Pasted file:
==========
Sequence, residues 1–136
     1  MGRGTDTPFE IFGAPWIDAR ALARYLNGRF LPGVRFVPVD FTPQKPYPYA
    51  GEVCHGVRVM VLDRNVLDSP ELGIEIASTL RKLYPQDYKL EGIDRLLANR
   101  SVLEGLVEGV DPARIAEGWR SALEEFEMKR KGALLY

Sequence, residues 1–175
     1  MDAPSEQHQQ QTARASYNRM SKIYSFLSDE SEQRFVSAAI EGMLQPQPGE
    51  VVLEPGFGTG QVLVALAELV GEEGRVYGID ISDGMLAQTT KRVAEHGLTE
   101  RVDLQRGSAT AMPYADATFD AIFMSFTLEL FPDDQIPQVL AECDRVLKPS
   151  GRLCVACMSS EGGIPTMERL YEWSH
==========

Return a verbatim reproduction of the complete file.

Sequence, residues 1–136
     1  MGRGTDTPFE IFGAPWIDAR ALARYLNGRF LPGVRFVPVD FTPQKPYPYA
    51  GEVCHGVRVM VLDRNVLDSP ELGIEIASTL RKLYPQDYKL EGIDRLLANR
   101  SVLEGLVEGV DPARIAEGWR SALEEFEMKR KGALLY

Sequence, residues 1–175
     1  MDAPSEQHQQ QTARASYNRM SKIYSFLSDE SEQRFVSAAI EGMLQPQPGE
    51  VVLEPGFGTG QVLVALAELV GEEGRVYGID ISDGMLAQTT KRVAEHGLTE
   101  RVDLQRGSAT AMPYADATFD AIFMSFTLEL FPDDQIPQVL AECDRVLKPS
   151  GRLCVACMSS EGGIPTMERL YEWSH